Another significant conflict between the tribes and the state has a Forest Products Council connection as well. In 2012, then-Maine Attorney General William Schneider issued an advisory opinion that the Penobscot River was subject to state statutes, not tribal law, prompting the Penobscot Nation to sue. The Penobscot Nation argued that they should have stewardship over their namesake river — given that they never ceded the territory to Maine — and therefore should be able to regulate activity on the waterway.
In a case seen as yet another front in the ongoing sovereignty dispute between Maine and the Wabanaki, the tribes suffered a legal defeat after the U.S. Supreme Court last year denied the Penobscot Nation’s appeal of a lower court decision against their argument.
While it doesn’t appear that the Forest Products Council itself took a stance in that case, a company on the group’s board — Verso Paper — acted as an intervener against the Penobscot Nation and their attempt to regain a portion of their territorial sovereignty.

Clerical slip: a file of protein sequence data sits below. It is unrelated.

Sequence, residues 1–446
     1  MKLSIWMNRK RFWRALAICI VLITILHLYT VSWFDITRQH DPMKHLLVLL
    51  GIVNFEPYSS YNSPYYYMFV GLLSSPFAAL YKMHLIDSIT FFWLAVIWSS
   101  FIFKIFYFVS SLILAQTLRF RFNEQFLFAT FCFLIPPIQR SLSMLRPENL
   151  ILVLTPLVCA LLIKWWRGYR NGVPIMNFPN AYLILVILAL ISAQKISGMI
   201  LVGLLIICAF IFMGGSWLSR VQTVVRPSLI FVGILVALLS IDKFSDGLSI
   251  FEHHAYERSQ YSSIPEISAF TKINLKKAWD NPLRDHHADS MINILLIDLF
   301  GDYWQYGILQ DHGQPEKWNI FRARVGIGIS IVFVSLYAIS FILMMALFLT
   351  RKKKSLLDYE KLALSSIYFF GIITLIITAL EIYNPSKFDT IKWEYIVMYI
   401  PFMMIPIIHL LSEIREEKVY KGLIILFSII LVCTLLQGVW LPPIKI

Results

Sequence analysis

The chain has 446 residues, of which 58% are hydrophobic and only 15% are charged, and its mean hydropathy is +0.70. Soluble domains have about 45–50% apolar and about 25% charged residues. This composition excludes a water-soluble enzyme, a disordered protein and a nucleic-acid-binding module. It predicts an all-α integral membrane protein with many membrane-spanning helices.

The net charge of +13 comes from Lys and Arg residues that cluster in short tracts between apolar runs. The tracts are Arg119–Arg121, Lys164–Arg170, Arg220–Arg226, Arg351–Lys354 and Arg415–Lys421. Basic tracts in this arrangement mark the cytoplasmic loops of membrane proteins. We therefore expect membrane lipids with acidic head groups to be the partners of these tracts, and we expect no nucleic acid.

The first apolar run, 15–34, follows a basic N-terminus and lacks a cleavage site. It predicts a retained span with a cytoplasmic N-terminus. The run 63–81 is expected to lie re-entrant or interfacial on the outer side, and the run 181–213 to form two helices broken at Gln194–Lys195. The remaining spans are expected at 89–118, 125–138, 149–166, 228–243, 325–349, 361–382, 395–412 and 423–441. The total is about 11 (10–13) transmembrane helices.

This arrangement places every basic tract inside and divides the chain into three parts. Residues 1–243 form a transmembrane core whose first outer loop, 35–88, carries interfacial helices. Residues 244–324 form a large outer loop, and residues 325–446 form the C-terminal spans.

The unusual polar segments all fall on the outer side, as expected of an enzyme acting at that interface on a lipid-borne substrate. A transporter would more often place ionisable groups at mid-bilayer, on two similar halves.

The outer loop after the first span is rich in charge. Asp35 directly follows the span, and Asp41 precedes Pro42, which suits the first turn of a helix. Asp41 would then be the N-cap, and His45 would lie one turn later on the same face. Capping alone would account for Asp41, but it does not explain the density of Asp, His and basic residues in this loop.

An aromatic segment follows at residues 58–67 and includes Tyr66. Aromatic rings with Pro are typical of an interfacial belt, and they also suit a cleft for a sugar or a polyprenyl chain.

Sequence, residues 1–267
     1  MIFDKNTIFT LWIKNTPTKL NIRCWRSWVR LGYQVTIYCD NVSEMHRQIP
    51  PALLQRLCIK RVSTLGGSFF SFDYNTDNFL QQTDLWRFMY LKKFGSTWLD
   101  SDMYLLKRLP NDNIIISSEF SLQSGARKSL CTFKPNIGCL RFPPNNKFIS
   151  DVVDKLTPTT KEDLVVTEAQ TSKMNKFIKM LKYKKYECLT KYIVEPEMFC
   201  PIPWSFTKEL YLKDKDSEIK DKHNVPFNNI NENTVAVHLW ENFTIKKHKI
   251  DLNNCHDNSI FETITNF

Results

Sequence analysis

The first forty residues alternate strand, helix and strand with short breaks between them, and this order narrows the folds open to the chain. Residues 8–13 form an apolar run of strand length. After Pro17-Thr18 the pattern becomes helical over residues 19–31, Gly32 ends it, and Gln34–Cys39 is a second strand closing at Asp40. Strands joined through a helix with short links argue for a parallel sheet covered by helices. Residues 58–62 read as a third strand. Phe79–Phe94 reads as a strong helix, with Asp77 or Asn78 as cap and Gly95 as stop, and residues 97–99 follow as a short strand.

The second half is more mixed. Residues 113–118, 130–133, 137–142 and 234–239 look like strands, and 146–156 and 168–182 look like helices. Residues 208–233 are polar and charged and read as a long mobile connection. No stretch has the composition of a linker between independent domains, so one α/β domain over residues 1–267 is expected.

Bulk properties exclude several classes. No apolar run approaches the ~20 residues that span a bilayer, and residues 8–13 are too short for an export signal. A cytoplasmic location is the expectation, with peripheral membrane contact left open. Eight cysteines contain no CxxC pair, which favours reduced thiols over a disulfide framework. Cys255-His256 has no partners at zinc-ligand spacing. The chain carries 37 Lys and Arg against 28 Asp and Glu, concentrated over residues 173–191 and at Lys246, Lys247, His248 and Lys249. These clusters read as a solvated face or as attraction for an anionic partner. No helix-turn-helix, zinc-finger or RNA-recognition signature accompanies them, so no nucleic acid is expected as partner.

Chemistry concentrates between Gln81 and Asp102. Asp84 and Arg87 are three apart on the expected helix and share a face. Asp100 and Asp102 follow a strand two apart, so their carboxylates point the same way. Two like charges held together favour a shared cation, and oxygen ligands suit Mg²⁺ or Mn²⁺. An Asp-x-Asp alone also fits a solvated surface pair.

Along with Verso Paper, other members of the forest products industry have tangled with the Wabanaki over issues related to water quality and land stewardship. For example, Great Northern Paper Company in 2001 sued the Penobscot Nation and Passamaquoddy Tribe for access to documents in a dispute over whether the state had the authority to regulate water resources on Indigenous land. Just a year before, that dispute resulted in leaders of the Penobscot Nation, Passamaquoddy Tribe at Pleasant Point and Passamaquoddy Tribe at Indian Township being sentenced with contempt of court for refusing requests to inspect tribal records.
Nickie Sekera, co-founder of the anti-privatization group Community Water Justice, said the Forest Products Council and other industry groups have repeatedly fought water quality regulations — often making the same arguments that they deploy in their campaign against tribal sovereignty.
“I think their argument is weak at best, if not standing on the wrong side of good law and recognizing [Wabanaki] sovereignty,” Sekera said.
Dana also said the opposition to higher tribal environmental standards from interests such as the forest products industry is flawed. He argued that when tribes implement enhanced environmental regulations — which sovereignty would likely give them a greater ability to do — the ripple effects of that action improve the lives of people beyond their borders.
“Anything the tribes can do to protect the forest, the animals, the ecology, the biology — Maine people benefit,” he said. “[It creates] cleaner air, cleaner water — a better, sustainable forest.”